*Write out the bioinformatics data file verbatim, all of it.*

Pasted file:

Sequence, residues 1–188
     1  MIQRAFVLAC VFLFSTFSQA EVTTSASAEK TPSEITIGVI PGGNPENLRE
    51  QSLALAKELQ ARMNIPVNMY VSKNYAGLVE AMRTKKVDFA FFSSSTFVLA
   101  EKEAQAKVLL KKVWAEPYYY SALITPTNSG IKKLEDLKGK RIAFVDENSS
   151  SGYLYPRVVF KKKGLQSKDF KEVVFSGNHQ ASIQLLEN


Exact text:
Sequence, residues 1–188
     1  MIQRAFVLAC VFLFSTFSQA EVTTSASAEK TPSEITIGVI PGGNPENLRE
    51  QSLALAKELQ ARMNIPVNMY VSKNYAGLVE AMRTKKVDFA FFSSSTFVLA
   101  EKEAQAKVLL KKVWAEPYYY SALITPTNSG IKKLEDLKGK RIAFVDENSS
   151  SGYLYPRVVF KKKGLQSKDF KEVVFSGNHQ ASIQLLEN